There are a couple. Initially, our biggest challenge was getting the infrastructure built to grow the wasabi. That was a physically-challenging aspect. Another challenge is market demand and timing. We’re trying to expand the farm so that we can supply all of our customers year round. So in 2010 we built two greenhouses, in 2011 we built another large one (they vary in size a little bit,) and then in 2012 we built six more. Now we’re in production mode, which we will be in for a couple years to figure out what the next series of expansion looks like. The popularity of wasabi is increasing, so our challenge is to meet the demand. We’re also at the whim of the weather; even though we have greenhouses, if it’s too hot or too cold, we worry.
GC: Where do you sell?
We have two lines: culinary business and horticulture. For culinary we sell to distribution companies, restaurants around the U.S., and to individuals throwing a dinner party. In terms of the horticulture line, it’s mostly individual gardeners who order direct from our website. But we also sell to plant and seed companies like Territorial and other garden centers.
GC: Once you grade the rhizome, it loses its potency within 20 minutes right?
Yes, so it’s recommended that you grade it and then eat it within a half-hour. The heat or spicy molecules in wasabi are volatile compared to a pepper. It’s not an oil, it’s water soluble and reacts to oxygen. We have chefs that grade a bunch of it, put it in a ramekin, and then place Saran Wrap over the top. You can also freeze it and it will be totally fine. The rhizome lasts many weeks, we’ve had them in the fridge for three months. While I wouldn’t recommend that, you can easily store it in your fridge for a few weeks. It’s structured like a carrot so as long as you keep it cool and moist it will maintain its crunchiness.
GC: Your website reads that you’re trying to coordinate with academic research to identify and test low-impact nutrients.
We’d love to be organic but we’re just not there yet. We have Oregon State, The University of Oregon, and wonderful extension scientists and biologist at our disposal. The point is to refine our system and make the farm as low-impact as possible. The agricultural science is still pretty young for growing wasabi in the U.S., so it’s just a matter of developing the knowledge. Another goal of ours is to develop rain capture technology, because its Oregon! We haven’t built out the infrastructure yet, but we’re focusing on volume and design.
GC: How much water does the wasabi plant need?
We have an irrigation system that is very similar to the misters you see at the grocery store. Our plants are misted several times a day for about five minutes.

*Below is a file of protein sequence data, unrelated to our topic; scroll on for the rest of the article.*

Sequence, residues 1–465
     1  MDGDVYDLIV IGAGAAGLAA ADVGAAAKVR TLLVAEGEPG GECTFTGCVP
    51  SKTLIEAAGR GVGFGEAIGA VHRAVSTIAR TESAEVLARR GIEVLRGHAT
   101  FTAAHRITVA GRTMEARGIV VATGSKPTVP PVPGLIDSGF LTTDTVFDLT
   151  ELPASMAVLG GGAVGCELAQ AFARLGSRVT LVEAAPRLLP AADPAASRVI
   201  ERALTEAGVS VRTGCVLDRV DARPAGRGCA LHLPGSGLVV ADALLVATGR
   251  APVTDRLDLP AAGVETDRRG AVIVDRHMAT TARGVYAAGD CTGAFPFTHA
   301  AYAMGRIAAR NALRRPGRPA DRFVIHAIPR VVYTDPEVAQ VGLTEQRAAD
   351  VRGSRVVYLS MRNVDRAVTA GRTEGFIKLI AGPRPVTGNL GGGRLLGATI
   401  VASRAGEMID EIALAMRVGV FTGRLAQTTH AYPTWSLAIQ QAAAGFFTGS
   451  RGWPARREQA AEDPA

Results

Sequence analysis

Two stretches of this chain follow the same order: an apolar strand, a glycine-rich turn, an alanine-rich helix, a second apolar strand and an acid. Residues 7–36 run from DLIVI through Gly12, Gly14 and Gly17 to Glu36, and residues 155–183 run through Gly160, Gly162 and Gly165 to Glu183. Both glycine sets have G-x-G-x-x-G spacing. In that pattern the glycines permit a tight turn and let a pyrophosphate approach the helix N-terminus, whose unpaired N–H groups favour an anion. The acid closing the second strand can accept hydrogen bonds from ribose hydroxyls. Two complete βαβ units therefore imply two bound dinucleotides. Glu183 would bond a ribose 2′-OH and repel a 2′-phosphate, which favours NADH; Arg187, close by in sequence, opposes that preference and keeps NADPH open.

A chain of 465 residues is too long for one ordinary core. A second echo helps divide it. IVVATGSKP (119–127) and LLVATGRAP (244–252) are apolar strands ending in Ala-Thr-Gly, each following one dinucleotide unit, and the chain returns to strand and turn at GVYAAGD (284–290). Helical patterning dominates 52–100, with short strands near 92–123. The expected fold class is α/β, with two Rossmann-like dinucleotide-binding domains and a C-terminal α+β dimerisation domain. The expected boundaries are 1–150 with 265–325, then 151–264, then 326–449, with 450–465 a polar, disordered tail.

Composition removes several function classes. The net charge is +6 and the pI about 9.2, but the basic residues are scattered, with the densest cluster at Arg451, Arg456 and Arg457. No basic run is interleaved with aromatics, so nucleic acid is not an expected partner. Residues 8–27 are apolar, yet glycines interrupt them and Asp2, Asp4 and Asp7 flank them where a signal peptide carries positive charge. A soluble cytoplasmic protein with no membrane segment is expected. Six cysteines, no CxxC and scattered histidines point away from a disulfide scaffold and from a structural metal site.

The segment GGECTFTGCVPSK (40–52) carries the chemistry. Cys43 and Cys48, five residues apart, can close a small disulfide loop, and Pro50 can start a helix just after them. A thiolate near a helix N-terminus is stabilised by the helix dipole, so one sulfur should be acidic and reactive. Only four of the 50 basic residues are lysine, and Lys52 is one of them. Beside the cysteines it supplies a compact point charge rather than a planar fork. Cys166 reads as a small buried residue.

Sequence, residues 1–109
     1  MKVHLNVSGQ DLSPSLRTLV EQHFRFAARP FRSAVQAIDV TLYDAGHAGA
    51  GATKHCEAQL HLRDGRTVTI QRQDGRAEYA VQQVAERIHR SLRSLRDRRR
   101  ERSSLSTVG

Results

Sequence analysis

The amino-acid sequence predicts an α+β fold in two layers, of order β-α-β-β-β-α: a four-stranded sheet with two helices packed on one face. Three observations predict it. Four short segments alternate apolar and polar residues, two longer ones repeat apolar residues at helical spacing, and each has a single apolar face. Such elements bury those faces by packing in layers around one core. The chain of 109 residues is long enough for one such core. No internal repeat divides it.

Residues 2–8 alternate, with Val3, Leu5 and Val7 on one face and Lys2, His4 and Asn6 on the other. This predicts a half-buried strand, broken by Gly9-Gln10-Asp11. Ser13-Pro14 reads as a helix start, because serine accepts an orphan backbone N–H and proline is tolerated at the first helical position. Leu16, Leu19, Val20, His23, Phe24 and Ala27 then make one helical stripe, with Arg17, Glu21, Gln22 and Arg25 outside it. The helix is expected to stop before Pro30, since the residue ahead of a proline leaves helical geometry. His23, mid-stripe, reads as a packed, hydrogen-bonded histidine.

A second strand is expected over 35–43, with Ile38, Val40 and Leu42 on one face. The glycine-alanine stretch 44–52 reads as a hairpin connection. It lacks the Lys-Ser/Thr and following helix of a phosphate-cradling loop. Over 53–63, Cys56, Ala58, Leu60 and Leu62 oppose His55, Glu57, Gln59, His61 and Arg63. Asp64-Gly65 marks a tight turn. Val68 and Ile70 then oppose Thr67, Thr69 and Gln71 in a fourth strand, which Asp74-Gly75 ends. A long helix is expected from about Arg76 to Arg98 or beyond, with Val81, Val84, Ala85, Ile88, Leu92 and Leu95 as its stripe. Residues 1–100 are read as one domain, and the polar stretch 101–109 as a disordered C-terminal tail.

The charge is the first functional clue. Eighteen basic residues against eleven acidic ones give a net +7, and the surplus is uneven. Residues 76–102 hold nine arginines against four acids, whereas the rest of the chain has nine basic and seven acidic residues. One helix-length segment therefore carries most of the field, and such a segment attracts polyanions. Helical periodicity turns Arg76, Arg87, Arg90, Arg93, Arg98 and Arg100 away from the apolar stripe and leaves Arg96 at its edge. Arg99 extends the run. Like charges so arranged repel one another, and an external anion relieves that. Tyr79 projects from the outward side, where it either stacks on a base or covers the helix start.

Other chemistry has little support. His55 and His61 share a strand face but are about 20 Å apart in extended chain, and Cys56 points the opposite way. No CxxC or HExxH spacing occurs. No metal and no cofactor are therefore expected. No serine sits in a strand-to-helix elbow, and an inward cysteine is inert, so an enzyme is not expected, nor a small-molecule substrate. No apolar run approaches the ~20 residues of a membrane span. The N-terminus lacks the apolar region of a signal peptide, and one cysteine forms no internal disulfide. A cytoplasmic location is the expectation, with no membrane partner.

GC: Do you use fertilizers?
We tell people that they can use a basic 14-14-14, fertilizer [a complete fertilizer with a large amount of Nitrogen, Phosphorus, and Potassium].
The recipe for Soba Noodles with Fresh Wasabi is the Japanese equivalent of what Pasta Primavera is to Italians: it is both a culturally-ubiquitous staple and a celebrated delicacy. And as usual: making it fresh is best.
Soba Noodles With Fresh Wasabi
Yield: Serves 6
- 1 pound soba noodles
- 1/4 cup rice vinegar
- 3 tablespoons soy sauce
- 4 tablespoons Asian sesame oil
- 1/2 cup minced green onions
- 3 tablespoons fresh wasabi rhizome (or to taste)
- 1⁄2 pound fresh wasabi leaves*
- 1⁄2 pound fresh wasabi stems**
- In a 5- to 6-quart pan over high heat, bring about 3 quarts water to a boil. Add noodles and cook until tender to bite, about 3 to 6 minutes. Drain noodles and rinse gently under cold running water until cool.
- Heat two tablespoons of asian sesame oil in sauté pan. Chop fresh wasabi stems into 1-inch pieces. Chop leaves into strips. Sauté stems for approximately 10 minutes. Add leaves after 8 minutes and sauté for final two minutes.
- Meanwhile, in a large bowl, mix rice vinegar, soy sauce, and sesame oil as a dressing. Pour about half of dressing into a small bowl and reserve. Add noodles to the large bowl; mix in dressing to coat. Cover and chill until cold.
- Just before serving, add reserved dressing and sautéed wasabi stems and leaves to noodles and mix to coat. Sprinkle salad with green onions. Add freshly-grated wasabi to taste.
* Wasabi leaves taste like mustard leaves. If fresh wasabi leaves can’t be found, use other proxies such as spinach, kale, or mustard leaves.
**Wasabi stems taste like asparagus. If fresh wasabi stems can’t be found, use other proxies such as asparagus, snow peas, or garlic.
You can order wasabi roots, plants, and starter leaves from the Wasabi Store here.